The genes expressions of glucose transport 4, glucose kinase, glucose 6 phosphate kinase, forkhead box O1, ADR1, ADR2 in the liver are shown in Figure 3A. ABG-001 increased the mRNA expressions of GLUT4 and ADR1 (p < 0.001 and p < 0.05), and decreased the mRNA expressions of G-6-pase and FOXO1 (p < 0.01 and p < 0.05). However, the genes expression of ADR2 was not affected by ABG-001. The protein levels of IGF-1R, protein kinas B (AKT), and their phosphorylation in the liver after treatment with ABG-001 are given in Figure 3B and Supplementary Figure 6. ABG-001 significantly increased phosphorylation of IGF-1R, AKT, and AKT protein levels in comparison with diabetic control group (p < 0.05, p < 0.05, and p < 0.05). The change in glycogen in the liver after treatment with ABG-001 is found in Figure 3C. The marked increase in hepatic glycogen was observed (p < 0.05). These results indicate that ABG-001 decreased plasma glucose via promotion of the genes expressions of GLUT4, ADR1, IGF-1 signaling transmission, and the synthesis of hepatic glycogen.
FIGURE 3. Effects of ABG-001 on the livers of STZ-induced diabetic mice after administrating ABG-001 for 3 weeks. Changes in the gene expressions of GLUT4, GK, G-6-pase, FOXO1, ADR1, ADR2 in the liver after administrating ABG-001 (A). Each value was expressed as the means ± SEM of eight mice. Western blot analysis of liver samples (B). Lanes: 1–4, DM-Control; 5–8, ABG-001 at a dose of 20 mg/kg. Each value was expressed as the means ± SEM of five mice. The change in hepatic glycogen after ABG-001 treatment (C). ∗p < 0.05, ∗∗p < 0.01, and ∗∗∗p < 0.001 indicate a significant difference compared with the DM-C group.
Protective Effect of ABG-001 on Pancreas of STZ-Induced Diabetic Mice
The histomorphological changes on the pancreas after treatment with ABG-001 for 0, 2, 4, and 6 weeks are shown in Figure 4A. The islets of pancreas in DM-control group were destroyed over time; hence, the islet cells and shape could still be observed in the pancreas after administration of ABG-001 at dose of 20 mg/kg. The gene expressions of leptin receptor, ADR1, ADR2, glucagon, GLUR, INS1, and IRS1 of pancreas were shown in Figure 4B. The significant increase in leptin receptor, ADR2, INS1 and IRS1 and decrease in glucagon mRNA expressions were observed (p < 0.05, p < 0.05, and p < 0.05, respectively). Meanwhile, plasma insulin of diabetic mice was also increased by ABG-001 (Figure 4C, p < 0.05), and glucagon in plasma was significantly decreased (Figure 4D, p < 0.001). These results suggest that ABG-001 can improve the damage of pancreas of diabetic mice induced by STZ.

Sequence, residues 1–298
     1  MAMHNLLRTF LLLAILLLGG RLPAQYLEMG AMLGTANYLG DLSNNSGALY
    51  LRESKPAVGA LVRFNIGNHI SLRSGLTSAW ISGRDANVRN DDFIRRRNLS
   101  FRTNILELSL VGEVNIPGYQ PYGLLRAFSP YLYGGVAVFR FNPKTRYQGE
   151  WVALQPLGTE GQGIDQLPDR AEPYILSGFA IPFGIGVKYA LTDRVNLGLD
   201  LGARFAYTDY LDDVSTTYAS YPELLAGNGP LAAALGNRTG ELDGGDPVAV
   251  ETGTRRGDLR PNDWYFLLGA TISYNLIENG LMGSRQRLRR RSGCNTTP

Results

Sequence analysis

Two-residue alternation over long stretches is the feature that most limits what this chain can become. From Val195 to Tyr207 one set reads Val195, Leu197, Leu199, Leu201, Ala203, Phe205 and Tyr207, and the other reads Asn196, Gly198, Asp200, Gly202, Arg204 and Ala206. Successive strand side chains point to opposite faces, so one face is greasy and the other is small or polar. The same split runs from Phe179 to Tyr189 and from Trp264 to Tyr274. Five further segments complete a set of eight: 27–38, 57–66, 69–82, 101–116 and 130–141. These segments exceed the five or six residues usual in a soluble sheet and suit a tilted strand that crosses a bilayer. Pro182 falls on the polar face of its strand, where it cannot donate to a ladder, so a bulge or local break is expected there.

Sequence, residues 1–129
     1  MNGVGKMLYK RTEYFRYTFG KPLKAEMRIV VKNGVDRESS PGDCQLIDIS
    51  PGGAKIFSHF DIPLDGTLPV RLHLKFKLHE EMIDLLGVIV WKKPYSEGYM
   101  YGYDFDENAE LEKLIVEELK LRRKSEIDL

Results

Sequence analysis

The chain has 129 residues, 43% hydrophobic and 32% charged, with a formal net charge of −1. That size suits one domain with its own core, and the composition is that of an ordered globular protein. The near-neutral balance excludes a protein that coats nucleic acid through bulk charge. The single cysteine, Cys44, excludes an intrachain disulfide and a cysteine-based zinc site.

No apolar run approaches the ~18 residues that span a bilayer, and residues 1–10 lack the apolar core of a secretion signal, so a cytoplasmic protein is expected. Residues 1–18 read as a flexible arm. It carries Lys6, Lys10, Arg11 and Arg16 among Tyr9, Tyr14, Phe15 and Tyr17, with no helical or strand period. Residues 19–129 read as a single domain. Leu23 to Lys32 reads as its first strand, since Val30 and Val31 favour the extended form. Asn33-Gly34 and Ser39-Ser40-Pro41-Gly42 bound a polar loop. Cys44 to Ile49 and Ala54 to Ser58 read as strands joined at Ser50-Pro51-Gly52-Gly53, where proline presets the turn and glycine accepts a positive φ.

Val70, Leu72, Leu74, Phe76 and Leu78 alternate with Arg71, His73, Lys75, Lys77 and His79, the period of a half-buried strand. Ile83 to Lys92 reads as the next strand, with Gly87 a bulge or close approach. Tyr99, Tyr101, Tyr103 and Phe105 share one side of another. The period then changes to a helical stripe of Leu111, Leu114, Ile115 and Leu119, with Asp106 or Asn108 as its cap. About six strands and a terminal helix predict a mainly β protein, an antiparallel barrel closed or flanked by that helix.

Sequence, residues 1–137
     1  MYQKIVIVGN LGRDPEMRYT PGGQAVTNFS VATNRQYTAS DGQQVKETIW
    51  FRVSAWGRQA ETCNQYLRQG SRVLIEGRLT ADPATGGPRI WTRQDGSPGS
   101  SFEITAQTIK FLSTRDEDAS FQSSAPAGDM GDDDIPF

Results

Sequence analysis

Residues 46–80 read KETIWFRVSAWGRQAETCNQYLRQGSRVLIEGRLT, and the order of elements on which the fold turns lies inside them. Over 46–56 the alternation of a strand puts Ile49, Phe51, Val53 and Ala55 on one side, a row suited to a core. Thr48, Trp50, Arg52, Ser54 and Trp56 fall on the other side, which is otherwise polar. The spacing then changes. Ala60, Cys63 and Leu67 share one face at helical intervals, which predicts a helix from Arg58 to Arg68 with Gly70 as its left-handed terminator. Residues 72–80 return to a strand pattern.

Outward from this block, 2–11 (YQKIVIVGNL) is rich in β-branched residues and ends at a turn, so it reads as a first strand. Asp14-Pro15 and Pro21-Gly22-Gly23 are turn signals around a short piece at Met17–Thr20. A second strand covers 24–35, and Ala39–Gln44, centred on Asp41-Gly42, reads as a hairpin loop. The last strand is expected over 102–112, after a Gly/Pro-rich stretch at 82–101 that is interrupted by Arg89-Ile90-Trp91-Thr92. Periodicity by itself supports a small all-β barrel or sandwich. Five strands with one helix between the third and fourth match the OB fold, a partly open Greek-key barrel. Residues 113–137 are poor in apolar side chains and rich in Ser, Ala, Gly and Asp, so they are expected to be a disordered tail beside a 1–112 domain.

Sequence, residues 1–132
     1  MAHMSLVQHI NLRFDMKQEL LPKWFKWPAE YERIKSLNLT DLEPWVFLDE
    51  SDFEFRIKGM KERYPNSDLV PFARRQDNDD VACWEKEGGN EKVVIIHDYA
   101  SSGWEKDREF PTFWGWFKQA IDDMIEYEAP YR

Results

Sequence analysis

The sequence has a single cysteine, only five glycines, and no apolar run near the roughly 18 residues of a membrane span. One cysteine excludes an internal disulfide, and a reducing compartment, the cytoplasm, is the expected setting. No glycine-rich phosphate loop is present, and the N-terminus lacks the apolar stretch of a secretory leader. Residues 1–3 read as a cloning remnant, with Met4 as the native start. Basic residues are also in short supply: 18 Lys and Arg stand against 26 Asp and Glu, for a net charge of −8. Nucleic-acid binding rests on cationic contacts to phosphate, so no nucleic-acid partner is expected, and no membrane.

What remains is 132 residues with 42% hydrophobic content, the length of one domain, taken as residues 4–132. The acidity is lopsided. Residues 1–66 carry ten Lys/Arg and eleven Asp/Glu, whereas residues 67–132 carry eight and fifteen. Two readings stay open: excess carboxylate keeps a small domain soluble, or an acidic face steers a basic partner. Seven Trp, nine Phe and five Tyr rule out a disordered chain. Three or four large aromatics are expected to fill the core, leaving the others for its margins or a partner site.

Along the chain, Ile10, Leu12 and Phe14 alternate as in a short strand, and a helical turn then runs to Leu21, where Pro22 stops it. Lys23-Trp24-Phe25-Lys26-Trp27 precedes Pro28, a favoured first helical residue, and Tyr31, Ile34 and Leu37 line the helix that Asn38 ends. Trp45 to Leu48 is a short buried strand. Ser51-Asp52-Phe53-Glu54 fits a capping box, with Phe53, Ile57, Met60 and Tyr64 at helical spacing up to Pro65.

FIGURE 4. Effects of ABG-001 on the pancreas of STZ-induced diabetic mice. Histological changes in the pancreas after treatment with ABG-001 for 6 weeks (A). Black arrows indicated the changes process of necrotic regions of islets in pancreas after treating ABG-001 at a dose of 20 mg/kg. Changes in the gene expressions of leptin receptor, ADR1, ADR2, glucagon, GLUR, INS1, and IRS1 in pancreas (B). ABG-001 increased plasma insulin (C), but decreased plasma glucagon (D) levels at end of experiment. Each value was expressed as the means ± SEM of eight mice. ∗p < 0.05 and ∗∗∗p < 0.001 indicate a significant difference compared with the DM-C group.
Effects of ABG-001 on Epidydimal Adipose Tissue and Hypothalamus of STZ-Induced Diabetic Mice
The change of body fat rate was showed in Figure 5A. The changes in the gene expressions of HSL, LPL, UCP1, leptin, and adiponectin in epidydimal adipose tissue are presented in Figure 5B. ABG-001 significantly increased the mRNA expression levels of LPL, leptin, and adiponectin in adipose tissue (p < 0.05, p < 0.05, and p < 0.05). Furthermore, the plasma leptin and adiponectin were also obviously higher than that of DM-control group (Figures 5C,D, p < 0.01, p < 0.05). The changes in the gene expressions of leptin receptor, ADR1, ADR2, NPY, AgRP, and BDNF in hypothalamus are shown in Figure 5E. The amount of ADR2 mRNA was significantly increased (p < 0.05). However, ABG-001 did not affect the other genes expression. These results suggest that ABG-001 improved the energy metabolism disorder and satiated the polyphagia caused by diabetes by regulating adiponectin, leptin and ADR2 gene expressions.